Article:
Fuzuloparib ± Apatinib Improves PFS in BRCA+ Metastatic Breast Cancer

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Phase 2 data support the use of fuzuloparib with or without apatinib in HER2-negative metastatic breast cancer harboring BRCA1/2 germline mutations.

"Taken together, our findings support the use of fuzuloparib plus apatinib or fuzuloparib alone in [patients with] HER2-negative metastatic breast cancer with a germline BRCA mutation," according to study author Huiping Li.

"Taken together, our findings support the use of fuzuloparib plus apatinib or fuzuloparib alone in [patients with] HER2-negative metastatic breast cancer with a germline BRCA mutation," according to study author Huiping Li.

Treatment with fuzuloparib alone or in combination with apatinib (Rivoceranib) improved progression-free survival (PFS) compared with chemotherapy in patients with HER2-negative metastatic breast cancer harboring germline BRCA mutations, according to findings from a phase 3 trial (NCT04296370) presented during a European Society for Medical Oncology (ESMO) Virtual Plenary Session.

Based on blinded independent central review (BICR), the median PFS was 11.0 months (95% CI, 8.4-13.1) with fuzuloparib/apatinib, 6.7 months (95% CI, 4.2-7.6) with fuzuloparib monotherapy, and 3.0 months (95% CI, 1.6-5.3) with chemotherapy. Compared with chemotherapy, significant PFS improvements were reported in the fuzuloparib/apatinib (HR, 0.27; 95% CI, 0.17-0.43; P <.0001) and fuzuloparib alone arms (HR, 0.49; 95% CI, 0.32-0.75; P = .0004). Additionally, fuzuloparib and apatinib combination therapy conferred an improvement in PFS compared with fuzuloparib alone (HR, 0.60; 95% CI, 0.40-0.91; P = .0079).

“The profile and severity of toxicity were consistent with previous reports of fuzuloparib and apatinib,” study author Huiping Li, from the Key Laboratory of Carcinogenesis and Translational Research (Ministry of Education) in the Department of Breast Oncology at Peking University Cancer Hospital and Institute, Beijing, China, said in the presentation. “Taken together, our findings support the use of fuzuloparib plus apatinib or fuzuloparib alone in [patients with] HER2-negative metastatic breast cancer with a germline BRCA mutation.”

In this open-label, multicenter phase 3 study, 203 patients were randomly assigned to receive fuzuloparib at 100 mg orally twice a day plus apatinib orally at 500 mg once a day (n = 70), fuzuloparib alone at 150 mg orally twice a day (n = 67), or physician’s choice of chemotherapy (n = 66). Treatment in the chemotherapy arm consisted of capecitabine or vinorelbine administered as part of a continuous 21-day schedule.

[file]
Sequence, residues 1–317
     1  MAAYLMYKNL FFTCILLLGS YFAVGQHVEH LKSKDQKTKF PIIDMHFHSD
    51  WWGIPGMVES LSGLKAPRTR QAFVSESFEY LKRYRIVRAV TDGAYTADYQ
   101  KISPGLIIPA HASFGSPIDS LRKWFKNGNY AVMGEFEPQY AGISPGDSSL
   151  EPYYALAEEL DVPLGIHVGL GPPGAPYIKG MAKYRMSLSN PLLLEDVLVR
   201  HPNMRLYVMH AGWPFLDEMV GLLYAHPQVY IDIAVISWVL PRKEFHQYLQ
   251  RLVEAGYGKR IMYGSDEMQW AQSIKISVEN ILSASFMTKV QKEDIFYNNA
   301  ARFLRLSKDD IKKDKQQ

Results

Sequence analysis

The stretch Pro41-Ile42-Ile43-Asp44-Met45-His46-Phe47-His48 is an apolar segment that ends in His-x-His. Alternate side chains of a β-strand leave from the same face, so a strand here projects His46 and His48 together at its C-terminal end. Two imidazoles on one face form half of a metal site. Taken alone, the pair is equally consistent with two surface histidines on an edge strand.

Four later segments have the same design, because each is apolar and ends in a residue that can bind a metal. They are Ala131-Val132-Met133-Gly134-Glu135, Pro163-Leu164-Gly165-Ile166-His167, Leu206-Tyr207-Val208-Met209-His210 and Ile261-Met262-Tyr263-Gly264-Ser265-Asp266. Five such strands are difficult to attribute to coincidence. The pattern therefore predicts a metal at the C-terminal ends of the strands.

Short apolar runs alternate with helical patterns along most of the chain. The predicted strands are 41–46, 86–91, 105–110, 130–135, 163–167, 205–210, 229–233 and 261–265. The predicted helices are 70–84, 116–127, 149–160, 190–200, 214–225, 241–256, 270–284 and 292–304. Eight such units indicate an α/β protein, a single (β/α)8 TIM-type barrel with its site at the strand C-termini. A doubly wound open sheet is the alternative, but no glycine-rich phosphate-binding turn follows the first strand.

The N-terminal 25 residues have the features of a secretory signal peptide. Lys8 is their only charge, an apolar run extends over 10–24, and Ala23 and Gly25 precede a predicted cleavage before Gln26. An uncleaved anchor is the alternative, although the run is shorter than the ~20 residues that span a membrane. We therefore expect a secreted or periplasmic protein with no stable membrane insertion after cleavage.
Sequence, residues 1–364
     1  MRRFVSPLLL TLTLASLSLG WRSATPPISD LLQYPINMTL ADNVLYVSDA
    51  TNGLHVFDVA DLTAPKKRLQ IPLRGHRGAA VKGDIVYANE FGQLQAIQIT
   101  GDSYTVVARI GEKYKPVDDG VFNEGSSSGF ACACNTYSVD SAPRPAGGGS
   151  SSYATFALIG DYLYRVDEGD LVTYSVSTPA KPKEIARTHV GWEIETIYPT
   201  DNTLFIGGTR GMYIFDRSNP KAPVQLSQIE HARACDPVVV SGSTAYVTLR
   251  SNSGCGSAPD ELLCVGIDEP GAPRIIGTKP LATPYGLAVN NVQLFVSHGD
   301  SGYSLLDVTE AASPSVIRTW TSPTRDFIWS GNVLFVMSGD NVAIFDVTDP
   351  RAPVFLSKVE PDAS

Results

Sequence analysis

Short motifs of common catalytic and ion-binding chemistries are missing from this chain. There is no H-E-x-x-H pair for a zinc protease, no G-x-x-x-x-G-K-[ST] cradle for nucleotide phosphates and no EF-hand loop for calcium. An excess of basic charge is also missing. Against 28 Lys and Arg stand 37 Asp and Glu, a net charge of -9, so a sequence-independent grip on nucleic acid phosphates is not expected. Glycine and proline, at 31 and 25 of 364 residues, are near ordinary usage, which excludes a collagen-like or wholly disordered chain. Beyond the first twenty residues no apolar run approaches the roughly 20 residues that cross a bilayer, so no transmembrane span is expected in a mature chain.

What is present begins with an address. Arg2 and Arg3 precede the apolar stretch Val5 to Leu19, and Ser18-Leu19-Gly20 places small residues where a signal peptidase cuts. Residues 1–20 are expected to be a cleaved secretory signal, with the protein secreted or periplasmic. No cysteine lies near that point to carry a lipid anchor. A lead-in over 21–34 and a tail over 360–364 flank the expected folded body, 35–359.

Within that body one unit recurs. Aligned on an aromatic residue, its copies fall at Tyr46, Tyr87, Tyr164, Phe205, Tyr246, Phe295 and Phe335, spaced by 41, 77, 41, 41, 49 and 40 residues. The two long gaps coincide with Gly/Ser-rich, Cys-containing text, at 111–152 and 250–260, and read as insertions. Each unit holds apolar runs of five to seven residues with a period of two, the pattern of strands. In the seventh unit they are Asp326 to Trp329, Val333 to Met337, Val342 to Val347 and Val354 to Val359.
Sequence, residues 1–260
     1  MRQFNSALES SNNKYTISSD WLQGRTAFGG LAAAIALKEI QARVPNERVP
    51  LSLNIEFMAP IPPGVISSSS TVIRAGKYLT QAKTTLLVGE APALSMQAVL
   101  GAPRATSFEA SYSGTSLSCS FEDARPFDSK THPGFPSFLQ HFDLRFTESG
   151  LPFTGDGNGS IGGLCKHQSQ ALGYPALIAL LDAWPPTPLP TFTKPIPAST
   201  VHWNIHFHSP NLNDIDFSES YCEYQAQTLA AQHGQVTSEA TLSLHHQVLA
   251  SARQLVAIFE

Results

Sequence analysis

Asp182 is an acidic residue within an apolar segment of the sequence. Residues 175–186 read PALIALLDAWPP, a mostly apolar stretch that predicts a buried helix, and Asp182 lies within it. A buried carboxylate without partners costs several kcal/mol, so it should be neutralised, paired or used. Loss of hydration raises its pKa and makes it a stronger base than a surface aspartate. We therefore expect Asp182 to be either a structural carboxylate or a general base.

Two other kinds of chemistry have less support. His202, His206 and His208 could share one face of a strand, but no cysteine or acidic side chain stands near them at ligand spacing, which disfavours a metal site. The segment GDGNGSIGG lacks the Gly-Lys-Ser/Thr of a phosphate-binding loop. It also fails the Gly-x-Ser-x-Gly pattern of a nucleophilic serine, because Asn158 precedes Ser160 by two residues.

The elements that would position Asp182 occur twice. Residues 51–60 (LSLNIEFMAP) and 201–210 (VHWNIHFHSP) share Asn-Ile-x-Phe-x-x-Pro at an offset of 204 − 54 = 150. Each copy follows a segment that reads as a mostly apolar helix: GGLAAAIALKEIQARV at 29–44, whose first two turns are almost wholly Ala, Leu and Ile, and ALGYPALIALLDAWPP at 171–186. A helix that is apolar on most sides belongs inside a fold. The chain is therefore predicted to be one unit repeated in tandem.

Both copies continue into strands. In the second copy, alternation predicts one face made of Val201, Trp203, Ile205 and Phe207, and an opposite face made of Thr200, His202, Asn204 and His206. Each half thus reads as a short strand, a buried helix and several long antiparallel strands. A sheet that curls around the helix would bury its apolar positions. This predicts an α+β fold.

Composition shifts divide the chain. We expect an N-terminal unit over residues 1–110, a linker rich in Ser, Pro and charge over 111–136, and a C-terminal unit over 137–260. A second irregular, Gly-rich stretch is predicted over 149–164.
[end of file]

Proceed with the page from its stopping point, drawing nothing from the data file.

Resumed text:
The trial’s primary end point was PFS by BICR. Secondary end points included objective response rate (ORR), disease control rate (DCR), duration of response (DOR), overall survival (OS), and safety.

Patients 18 to 75 years old with pathologically confirmed HER2-negative breast cancer and a confirmed or suspected deleterious germline BRCA1/2 mutation were eligible for enrollment on the trial. Additional eligibility criteria included having prior treatment with an anthracycline and/or a taxane, a maximum of 2 prior lines of chemotherapy for recurrent or metastatic disease, 1 or more lines of endocrine therapy for hormone receptor–positive disease, and an ECOG performance status of 0 or 1.

The median age was 49.0 years (range, 39.0-55.0) in the fuzuloparib/apatinib arm, 49.0 years (range, 39.0-56.0) in the fuzuloparib arm, and 47.5 years (range, 40.0-55.0) in the chemotherapy arm. Across each respective arm, most patients had germline BRCA2 mutations (62.9% vs 61.2% vs 53.0%), hormone receptor–positive disease (58.6% vs 62.1% vs 62.1%), 1 or more prior lines of chemotherapy (70.0% vs 74.6% vs 72.7%), and measurable disease at baseline (74.3% vs 82.1% vs 65.2%).

The median OS was 29.2 months (95% CI, 24.6-not reached [NR]) with the combination regimen, 31.5 months (95% CI, 17.8-NR) with fuzuloparib monotherapy, and 21.5 months (95% CI, 15.6-31.9) with chemotherapy. Compared with chemotherapy, data highlighted an OS benefit with fuzuloparib/apatinib (HR, 0.58; 95% CI, 0.33-1.02) and fuzuloparib alone (HR, 0.61; 95% CI, 0.35-1.08), even with 39.4% of patients in the chemotherapy arm crossing over to fuzuloparib monotherapy.

The ORR was 67.3% (95% CI, 52.9%-79.7%) with combination therapy, 43.6% (95% CI, 30.3%-57.7%) with fuzuloparib alone, and 23.3% (95% CI, 11.8%-38.6%) in the chemotherapy arm. In each respective arm, the DCR was 87.1% (95% CI, 77.0%-93.9%), 80.6% (95% CI, 69.1%-89.2%), and 47.0% (95% CI, 34.6%-59.7%). Additionally, the median DOR was 9.8 months (95% CI, 7.0-11.8), 7.6 months (95% CI, 5.5-14.0), and 3.9 months (95% CI, 2.6-12.5), respectively.

Any-grade treatment-related adverse effects affected 98.6%, 92.5%, and 93.2% of patients in the fuzuloparib/apatinib, fuzuloparib monotherapy, and chemotherapy arms, respectively. In each respective, the rates of grade 3 TRAEs were 51.4%, 49.3%, and 40.7%; serious TRAEs occurred in 12.9%, 17.9%, and 13.6%. One patient in the fuzuloparib monotherapy arm experienced a TRAE leading to death.

In the combination therapy, monotherapy, and chemotherapy arms, respectively, common any-grade TRAEs included white blood cell count decreases (64.3% vs 59.7% vs 54.2%), neutrophil count decreases (51.4% vs 53.7% vs 54.2%), and nausea (45.7%). Grade 3 or higher TRAEs in each arm included neutrophil count decreases (12.9% vs 20.9% vs 23.7%), anemia (11.4% vs 37.3% vs 8.5%), and platelet count decreases (10.0% vs 11.9% vs 0.0%).

Reference

Li H, Liu J, Liu Y, et al. Fuzuloparib with or without apatinib in HER2- metastatic breast cancer (mBC) patients (pts) with germline BRCA1/2 mutations (gBRCA1/2m): a randomized phase III trial. Presented at the 2024 European Society for Medical Society Virtual Plenary Session; May 9, 2024.

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